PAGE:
Over the past couple of weeks, I have been working to improve the Icon Editor. Visually, nothing has changed - but under the hood, three major improvements have been made!
Until now, right-clicking a pixel has made that pixel transparent. But now, this will instead trigger a flood fill of the clicked area. This makes icon editing a breeze compared to the old method of having to paint each individual pixel.
The underlying code has been massively cleaned up and optimized. No longer will you see the editor redraw the drawing area - only changed pixels will be redrawn, even on flood fill, loading and creating a new icon. Code that was reused in multiple places have also been put into reusable functions/subs - this doesn’t improve the speed, but it makes the code much cleaner.
Another major improvement is a new format for icons. Until now, Costa has used the homebrewed BIF image format, which consisted of two elements:
While this format worked fine, it had one downside: Since only 6 bits were needed to store each pixel in the icon, but the smallest available size was 16 bits, 10 bits were wasted for each pixel. If it had been possible to use an 8-bit integer, I would be able to save 1 kilobyte of space pr. icon. While this doesn’t sound like much, bear in mind that Costa is designed to run on DOS-based systems, and to be transferred via floppy disk to such systems. At the moment, Costa comes with 118 icons - that means 118 kilobytes of wasted disk space. For a 1.44 megabyte floppy, this is a huge amount - 8,1 percent of maximum capacity! Actual saved space depends on sector size, of course, but that’s another discussion entirely.
Anyway, to reduce size I looked into storing two values in one integer, and using Assembly language to POKE/PEEK the data. This would certainly be possible, but would make saving/retrieving data more cumbersome.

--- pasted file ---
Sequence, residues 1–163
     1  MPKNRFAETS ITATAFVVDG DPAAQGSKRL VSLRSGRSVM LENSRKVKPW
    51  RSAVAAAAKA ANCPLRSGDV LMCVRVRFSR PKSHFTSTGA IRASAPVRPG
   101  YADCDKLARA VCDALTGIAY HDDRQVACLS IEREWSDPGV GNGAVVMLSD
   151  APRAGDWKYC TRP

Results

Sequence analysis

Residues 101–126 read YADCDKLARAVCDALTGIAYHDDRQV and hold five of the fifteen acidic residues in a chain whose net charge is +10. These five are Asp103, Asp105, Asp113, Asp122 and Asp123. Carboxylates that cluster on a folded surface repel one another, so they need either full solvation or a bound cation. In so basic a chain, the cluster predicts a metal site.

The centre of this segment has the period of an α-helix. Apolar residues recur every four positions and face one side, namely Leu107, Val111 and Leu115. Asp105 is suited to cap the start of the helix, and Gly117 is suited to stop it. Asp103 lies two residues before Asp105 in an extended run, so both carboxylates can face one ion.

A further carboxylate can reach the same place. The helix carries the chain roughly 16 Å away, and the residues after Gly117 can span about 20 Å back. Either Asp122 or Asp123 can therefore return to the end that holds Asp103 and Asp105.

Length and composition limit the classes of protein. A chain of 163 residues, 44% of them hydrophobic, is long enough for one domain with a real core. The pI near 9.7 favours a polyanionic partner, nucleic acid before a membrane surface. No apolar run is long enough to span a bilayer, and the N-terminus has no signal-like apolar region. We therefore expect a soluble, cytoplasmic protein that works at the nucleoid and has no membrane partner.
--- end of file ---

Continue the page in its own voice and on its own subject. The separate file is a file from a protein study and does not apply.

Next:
So in the end, i opted for a much easier solution: Store each pixel as a string, with a length of one character. A single character in a string is 1 byte in length. To store a color, I simply use the CHAR$ function to convert the color into an ASCII character, and to retrieve the color, I use the ASC function to convert the character back to an ASCII code. Since I use -1 to indicate transparency, and this value cannot be converted into an ASCII character, values are shifted by +1 before saving, and -1 after loading.
As an example, the color ‘0’ in the VGA palette is black. When saving this, it is shifted by +1 and ends up as ‘1’, then converted to ASCII character 1 - which is the ASCII control character ‘soh’. When loading the data back in, the ASCII character is converted back to it’s ASCII character code, shifted by -1, giving us a 0 again.
So now, the icon format looks like this:
Say what you want about this solution, but it did save 120 kilobytes of disk space, at a very minor cost of performance. All existing icons have been converted to this new format - the Costa Image Format, or CIF for short.
In the future, I might look into optimizing even further - even this new solution will waste 3 bits per pixel, which amounts to 0,38 kilobytes per icon. With the current count of 118 icons, that’s roughly 44 kilobytes.